[Contributed by Adriana Pope, reprinted from Vegan Corner] I had the pleasure of speaking with Elizabeth Andoh while she was in Osaka, Japan preparing for her upcoming US book tour. Her newly released cookbook Kansha: Celebrating Japan’s Vegan and Vegetarian Traditions* focuses on the ancient Buddhist philosophy of using every part of your ingredients in the cooking process.
Although her recipes are deeply rooted in ancient techniques, her recipes are stunningly modern. Dozens of mouth-watering recipes Lotus Root Dumpling soup, Skillet-Seared Daikon with Yuzu, and faux Glazed Eel rouse the senses. I have to admit, this book is a bit on the challenging side because most of the recipes call for foreign ingredients, but this book contains rare culinary secrets about how to create authentic tasting Japanese dishes without using any animal products. The title of this book Kansha is a double entendre in the Japanese language which means “nature and appreciation.” Kansha encourages us to prepare nutritionally sound and aesthetically satisfying meals that avoid waste, conserve energy, and preserve and sustain our natural resources. Plus, we’ve included a special recipe at the end of this interview so you can see how wonderful these recipes really are!
VC: What inspired you to create an all-vegan cookbook even though you’re not vegan?
EA: My diet is almost entirely plant based. I am familiar with the challenges of trying to maintain the vegan diet, as well as the reaction that others have it to. This is part of what fueled my desire to have a book specifically on this. My goal was to point out that it’s all about abundance, not absence.
VC: How can I practice Kansha in the kitchen?
EA: One of the inherent values of Kansha is no waste and using the food fully. If you ‘re a taking a daikon… its got the peel, the tuft, the leaves, the center core, the different segments; they all have flavor characters and textures, but every part of that vegetable should be used and nothing should go to waste.
VC: What Japanese pantry ingredients do you suggest vegans acquaint themselves with?
EA: The simplest and most effect way of creating intense flavor without using animal products is cooking with Kombu, also known as kelp. The three most popular types of kombu are: Rausu, ma kombu, and hidaka. Hidaka is the easiest to extract flavor from and more readily available to people who live outside of Japan.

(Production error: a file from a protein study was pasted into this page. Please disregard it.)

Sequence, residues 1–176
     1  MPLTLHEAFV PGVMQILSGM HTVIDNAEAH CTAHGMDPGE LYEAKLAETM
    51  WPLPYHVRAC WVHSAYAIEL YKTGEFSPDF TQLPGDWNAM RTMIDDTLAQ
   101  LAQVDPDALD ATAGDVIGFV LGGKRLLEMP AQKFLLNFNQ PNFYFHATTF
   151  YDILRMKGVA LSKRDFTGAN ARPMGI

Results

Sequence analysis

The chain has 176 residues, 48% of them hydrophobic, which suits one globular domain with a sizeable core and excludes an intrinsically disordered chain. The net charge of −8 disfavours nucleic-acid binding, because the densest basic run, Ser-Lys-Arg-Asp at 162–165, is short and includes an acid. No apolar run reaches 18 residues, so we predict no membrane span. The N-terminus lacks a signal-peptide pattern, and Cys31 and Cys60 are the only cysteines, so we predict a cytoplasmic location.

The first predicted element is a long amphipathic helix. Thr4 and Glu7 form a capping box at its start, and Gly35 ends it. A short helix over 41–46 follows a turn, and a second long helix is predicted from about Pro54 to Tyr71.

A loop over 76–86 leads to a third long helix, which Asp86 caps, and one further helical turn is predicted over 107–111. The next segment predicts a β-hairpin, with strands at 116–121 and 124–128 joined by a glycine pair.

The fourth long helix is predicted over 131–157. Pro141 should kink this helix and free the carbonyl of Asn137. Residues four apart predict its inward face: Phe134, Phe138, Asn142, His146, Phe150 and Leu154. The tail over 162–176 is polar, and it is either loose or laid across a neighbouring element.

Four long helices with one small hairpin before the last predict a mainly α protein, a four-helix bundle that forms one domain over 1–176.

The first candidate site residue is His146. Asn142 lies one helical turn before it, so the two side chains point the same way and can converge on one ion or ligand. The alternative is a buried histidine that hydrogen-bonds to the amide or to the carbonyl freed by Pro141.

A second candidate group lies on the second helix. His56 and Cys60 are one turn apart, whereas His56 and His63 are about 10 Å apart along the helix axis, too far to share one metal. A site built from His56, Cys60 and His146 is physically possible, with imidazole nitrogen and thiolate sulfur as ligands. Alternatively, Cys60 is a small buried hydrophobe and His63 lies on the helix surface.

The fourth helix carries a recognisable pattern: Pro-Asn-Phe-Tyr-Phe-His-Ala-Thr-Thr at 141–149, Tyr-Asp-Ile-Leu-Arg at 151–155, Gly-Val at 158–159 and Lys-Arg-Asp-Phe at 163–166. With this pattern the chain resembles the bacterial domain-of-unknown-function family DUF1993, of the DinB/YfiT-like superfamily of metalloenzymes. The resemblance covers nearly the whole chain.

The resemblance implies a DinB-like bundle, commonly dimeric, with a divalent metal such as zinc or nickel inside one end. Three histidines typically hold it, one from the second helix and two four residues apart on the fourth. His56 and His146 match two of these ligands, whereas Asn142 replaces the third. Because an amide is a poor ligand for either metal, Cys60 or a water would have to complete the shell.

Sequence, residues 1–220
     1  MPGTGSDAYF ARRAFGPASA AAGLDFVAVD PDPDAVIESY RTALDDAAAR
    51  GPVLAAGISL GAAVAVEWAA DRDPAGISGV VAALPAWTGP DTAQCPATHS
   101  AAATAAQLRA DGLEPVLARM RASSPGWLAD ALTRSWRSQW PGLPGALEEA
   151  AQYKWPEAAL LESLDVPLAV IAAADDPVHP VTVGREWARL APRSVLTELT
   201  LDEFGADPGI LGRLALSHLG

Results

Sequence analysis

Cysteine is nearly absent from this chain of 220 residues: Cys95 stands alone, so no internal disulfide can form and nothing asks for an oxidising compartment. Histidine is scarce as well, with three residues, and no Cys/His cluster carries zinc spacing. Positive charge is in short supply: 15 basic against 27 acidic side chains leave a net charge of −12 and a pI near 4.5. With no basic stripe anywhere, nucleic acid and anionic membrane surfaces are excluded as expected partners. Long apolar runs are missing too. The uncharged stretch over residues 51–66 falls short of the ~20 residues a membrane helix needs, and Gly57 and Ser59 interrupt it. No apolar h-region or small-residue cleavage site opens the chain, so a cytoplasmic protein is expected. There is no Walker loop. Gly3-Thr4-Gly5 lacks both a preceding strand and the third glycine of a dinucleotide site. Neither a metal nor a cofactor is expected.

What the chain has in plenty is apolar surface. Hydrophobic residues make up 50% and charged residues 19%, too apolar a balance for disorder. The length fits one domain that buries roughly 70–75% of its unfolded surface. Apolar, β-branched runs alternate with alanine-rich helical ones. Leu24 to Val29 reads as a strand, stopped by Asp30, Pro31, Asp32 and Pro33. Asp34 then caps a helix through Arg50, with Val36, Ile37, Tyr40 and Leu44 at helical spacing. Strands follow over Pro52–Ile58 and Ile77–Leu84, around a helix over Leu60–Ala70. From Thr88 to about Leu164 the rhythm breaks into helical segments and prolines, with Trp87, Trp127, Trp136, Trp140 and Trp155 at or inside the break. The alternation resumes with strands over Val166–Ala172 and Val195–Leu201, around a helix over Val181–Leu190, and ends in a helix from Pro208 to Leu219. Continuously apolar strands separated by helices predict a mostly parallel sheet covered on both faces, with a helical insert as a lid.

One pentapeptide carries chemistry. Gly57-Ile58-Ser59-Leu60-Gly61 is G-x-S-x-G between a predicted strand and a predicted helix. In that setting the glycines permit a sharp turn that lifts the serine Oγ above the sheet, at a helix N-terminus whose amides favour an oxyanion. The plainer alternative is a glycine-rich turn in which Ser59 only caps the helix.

Once it’s been used to make stalk, it can be used in a variety of ways in cooking. Part of the Japanese notion of being a great cook is to have an extensive repertoire for using one ingredient. And indeed, the ancient notion of Kondate Zukushi is using something and making an entire meal out of it in a premeditated way. People should view food as having a lot of potential; think of every vegetable as multi-tasking. Every vegetable has the potential to be lots of different things.
VC: What are you most excited about during your upcoming book tour?
EA: When I visit the cooking school in Portland, Oregon [Portland Culinary Alliance] my plans are to make an impromptu soup with any vegetable scraps that the students have leftover from cooking their previous meals. The students are really excited about it, and it will be a lot of fun.
[A note from Nava: The recipes in this book are very authentic, which means that their ingredients will be challenging to find for non-urban dwellers without access to Asian groceries. So for this sampling, I chose a recipe whose ingredients are readily accessible.]
Warm and Spicy Cabbage and Pepper Slaw
Reprinted fromKansha: Celebrating Japan’s Vegan and Vegetarian Traditions* by Elizabeth Andoh
Cabbage, both briefly cooked and raw (finely shredded), is found on menus year-round in Japan, though springtime brings sweet, crisp yet tender-leaved heads of vitamin-packed haru kyabetsu to market. They are fabulous, and even the most skeptical eaters may rethink their opinion of cabbage. Outside Japan, I would substitute with crinkly leaved Savoy cabbage or tender, young Brussels sprouts.
Cut the cabbage in half, remove the core segment, and slice the ore into paper-thin shreds. Set the slices aside. Cut eh leafy portion of the cabbage into ¼-inch-wide strips. Keep the two shapes in separate piles. If using Brussels sprouts, trim and then quarter them through their stems.
In a small bowl, mix the miso with the stock and set aside.
Heat the oil in a skillet or wok over medium heat. Begin by stir-frying the shredded core of the cabbage or the Brussels sprouts, for about 1 minute, or until the pieces go limp. Then add the onion and continue stir-frying for about 2 minutes, or until the onion wilts, begins to color slightly, and becomes very aromatic. Add the leafy cabbage strips and the peppers and continue to stir-fry for 40 to 50 seconds, or until fragrant and slightly wilted.
Sprinkle with the salt, then add the saké. Stir-fry vigorously for 10 to 15 seconds, then pour in the miso mixture around the outer rim of the pan. Raise the heat to high and stir-fry vigorously for 30 seconds, or until the vegetables are slightly glazed.
Serve immediately, slightly mounded, in small individual bowls, or serve family style from a large bowl. Or, let cool, chill, and serve chilled. The slaw will keep in the refrigerator, tightly covered, for up to 4 days.
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